Regardless, I would bet that he wasn't talking about polls today.
That's no to say that the Dems don't have a credibility problem, especially when it comes to national security. Of course, it would help if they opened their mouths and gave the public something to actually compare with the Republicans' stands on the issues, wouldn't it?
Thursday, June 12, 2003
Looks like the Congressional GOP, desperate to make the WMD issue go away, is putting party politics ahead of their responsibility to the nation and is refusing to hold the open, wide-ranging hearings that would be appropriate:
Congressional Republicans yesterday spurned Democrats' demands for a full-blown probe into whether the Bush administration manipulated prewar intelligence on Iraq's weapons programs, saying Congress's current oversight operations will suffice.
. . .
At a news conference that appeared aimed at quelling mounting Democratic criticism, Senate intelligence committee Chairman Pat Roberts (R-Kan.) said the committee continues to review intelligence documents on weapons and plans to focus on them in closed-door hearings starting next week.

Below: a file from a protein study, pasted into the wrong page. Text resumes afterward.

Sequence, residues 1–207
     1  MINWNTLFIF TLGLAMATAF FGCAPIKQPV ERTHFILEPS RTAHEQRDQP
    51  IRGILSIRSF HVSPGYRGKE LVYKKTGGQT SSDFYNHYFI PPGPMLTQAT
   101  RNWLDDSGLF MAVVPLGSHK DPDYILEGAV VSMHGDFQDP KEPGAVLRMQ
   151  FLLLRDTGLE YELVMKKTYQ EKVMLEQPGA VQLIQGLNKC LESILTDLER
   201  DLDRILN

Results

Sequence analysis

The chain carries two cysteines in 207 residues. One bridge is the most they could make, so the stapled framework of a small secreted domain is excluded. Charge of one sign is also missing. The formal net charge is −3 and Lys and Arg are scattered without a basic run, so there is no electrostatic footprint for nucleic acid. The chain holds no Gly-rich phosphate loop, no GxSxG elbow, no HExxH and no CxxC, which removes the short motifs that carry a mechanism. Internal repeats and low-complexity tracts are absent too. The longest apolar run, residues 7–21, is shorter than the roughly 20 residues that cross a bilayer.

. . .
Roberts said some of the criticism of intelligence operations is politically inspired. "I will not allow the committee to be politicized or to be used as an unwitting tool for any political strategist," he said.
Given the possible grave nature of the offense this Republican administration has committed and the wholly unprecedented manner in which Congressional Republicans are trying to bury the story, the above statement is laughably ironic.
The thing is, I think this could end up backfiring significantly. This is a very big deal, and a coverup may only draw attention to it.
Tuesday, June 10, 2003